i got loud, and i loved it: a review of Vocal Majority’s ‘Let’s Get Loud’ conference
‘When I was asked to come and be a keynote speaker for the first conference held by Vocal Majority, an organisation that champions the rights of women, I thought: thank God you’re here, it’s about time.’
Thus spoke Anne Summers at the commencement of ‘Let’s Get Loud: Gender, Politics, ACTION’, the first conference held by feminist lobby group, Vocal Majority. It has been far too long since an organisation devoted entirely to women’s rights has been formed (and has not euphemistically referred to themselves searching for ‘equality’ given that feminism has become such a dirty word). This sentiment was shared and passionately echoed by both panel members and attendees throughout the day and it started to seem possible that the marginalisation of women’s issues would no longer be tolerated. With statistics such as that one in three women are beaten or raped at least once during their lives, and that women earn 85 cents for every dollar a man earns, it is infuriating that feminism is deemed by many as no longer necessary. We need to get angry, we need to get loud and Vocal Majority and organisations like it give us the tools to do so powerfully and effectively.
On Monday 22 April this remarkable group held a conference of talks and workshops which left attendees feeling informed, invigorated and surprisingly optimistic. I say surprising as it was pointed out by the first keynote speaker of the day, Dr Anne Summers, that many of the struggles and issues women and girls face today are similar if not identical to those of over 40 years ago when Gough Whitlam first put women’s rights on the national political agenda in 1972 . It would therefore be easy to become despondent towards the cause and to just accept that there will always be injustices such as the pay gap.
However, it is often in times of extremism and hardship that the warriors of just causes come out and fight. In fact, during World War 2 the resistance movements bent on fighting the Nazis were largely found in places where the brutality and horror was the worst, in Germany rather than in the neutral countries. Facing the more and more likely prospect of Tony Abbot as a future Prime Minister is mobilising young people to become more active. The recipe for success is a) inclusion (first and foremost we need to be present), b) equality (once we’re there we needed to be treated equally), and c) Respect (for example, Julia Gillard may have inclusion and equality but I can think of a number of times where she has been blatantly disrespected due to her sex).
The second keynote speaker, international lawyer Professor Hillary Charlesworth, added to this argument when she stated that progress isn’t linear and there are no easy answers to these questions. It can also be difficult to measure progress; 25 years ago there were two female heads of government in the world, today there are 15. This is certainly progress but has the gap between the sexes been breached? No.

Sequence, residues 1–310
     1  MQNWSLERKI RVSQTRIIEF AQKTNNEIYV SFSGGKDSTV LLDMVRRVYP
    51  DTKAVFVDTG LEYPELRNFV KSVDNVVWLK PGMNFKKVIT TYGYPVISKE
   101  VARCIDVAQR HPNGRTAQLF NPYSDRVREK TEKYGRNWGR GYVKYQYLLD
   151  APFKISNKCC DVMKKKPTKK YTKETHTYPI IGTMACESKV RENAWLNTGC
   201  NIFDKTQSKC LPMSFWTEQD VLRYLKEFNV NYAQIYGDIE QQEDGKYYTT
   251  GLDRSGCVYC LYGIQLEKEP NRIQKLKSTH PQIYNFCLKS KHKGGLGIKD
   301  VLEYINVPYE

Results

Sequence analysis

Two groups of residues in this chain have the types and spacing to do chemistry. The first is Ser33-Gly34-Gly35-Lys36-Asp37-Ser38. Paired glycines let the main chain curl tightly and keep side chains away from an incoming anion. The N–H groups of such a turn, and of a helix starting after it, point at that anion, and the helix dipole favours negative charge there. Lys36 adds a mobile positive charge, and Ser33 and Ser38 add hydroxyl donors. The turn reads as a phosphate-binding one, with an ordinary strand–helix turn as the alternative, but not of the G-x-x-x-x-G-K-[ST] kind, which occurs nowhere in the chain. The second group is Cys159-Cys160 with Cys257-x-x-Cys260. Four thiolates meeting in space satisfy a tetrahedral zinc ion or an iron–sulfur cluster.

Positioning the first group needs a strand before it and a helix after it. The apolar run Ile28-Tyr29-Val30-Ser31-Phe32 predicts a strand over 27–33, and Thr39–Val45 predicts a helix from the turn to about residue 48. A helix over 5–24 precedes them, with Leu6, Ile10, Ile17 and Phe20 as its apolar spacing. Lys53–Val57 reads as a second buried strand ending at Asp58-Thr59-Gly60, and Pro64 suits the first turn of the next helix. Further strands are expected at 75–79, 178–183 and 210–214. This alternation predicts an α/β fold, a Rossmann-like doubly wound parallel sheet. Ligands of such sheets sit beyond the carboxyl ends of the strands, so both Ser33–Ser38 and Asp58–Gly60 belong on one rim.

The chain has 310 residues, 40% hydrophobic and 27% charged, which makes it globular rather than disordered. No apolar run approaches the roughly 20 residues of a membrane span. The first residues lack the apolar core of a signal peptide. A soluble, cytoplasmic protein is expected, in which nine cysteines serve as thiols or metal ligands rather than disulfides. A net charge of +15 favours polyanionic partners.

Professor Charlesworth spoke about The Convention on the Elimination of All Forms of Discrimination Against Women formed by the UN in 1979 and how this particular convention highlights the need for equality not just for opportunity but also for outcome. This is a multi-layered issue affected by several factors such as that women in post conflict countries are on an unequal playing field compared to that of their first world counterparts.
I thoroughly enjoyed the first panel topic ‘Global Injustice and its Gendered Face: The Battlegrounds and Why We Must Fight’, featuring Kate Marsh, Julie McKay, Rebecca Sheehan and Mina Barling. Kate Marsh, the Public Liaison Officer for the organisation Children by Choice articulated problems surrounding abortion in very real terms: a safe and effective abortion costs approximately $500. A mother with at least one dependent child will receive $530 per fortnight from Newstart Allowance. An abortion would cost almost her entire fortnight’s income, leaving no money left over for rent, food, bills etc. Furthermore, the doctors that perform abortions in QLD are few and many of them are over 60 years old. In any other profession they would have retired long ago. However, in almost every other profession there would be someone else to step up and take their place. In this instance, there is no one.
There were three workshops on offer to attend in the afternoon, on Social Media Activism, Campaigning for Young Activists, and Activism in Your Arena. I attended Social Media Activism which was facilitated by Clementine Ford. The two best pieces of practical advice I received were ‘know when to turn it off’ and ‘develop a thick skin’. I don’t think this advice can be over-estimated – the viral world is so easily accessible that we can sometimes forget that we can just walk away from it. What people may say about us is often vile, unfair and deeply wounding. But it does not have to factor into your sense of self.
I left this conference feeling connected and inspired. The myriad of issues discussed were all ones I feel strongly about however I had not had the tools to act powerfully on these feelings beyond ranting with like-minded friends. ‘Let’s Get Loud’, among many things, gave its attendees practical advice and tools on how to take action – such as being clear and precise about what we want. For example, we don’t just want equality, we want equal pay. We don’t just want access to abortion, we want them to be inexpensive, safe and readily available. It is so important to call attention to these issues by writing to your local Minister, publishing articles on a blog or campaigning.
Now is not the time for despondency. Now is the time to get active!
By Emma Robinson
You can find out more about Vocal Majority through their Facebook page.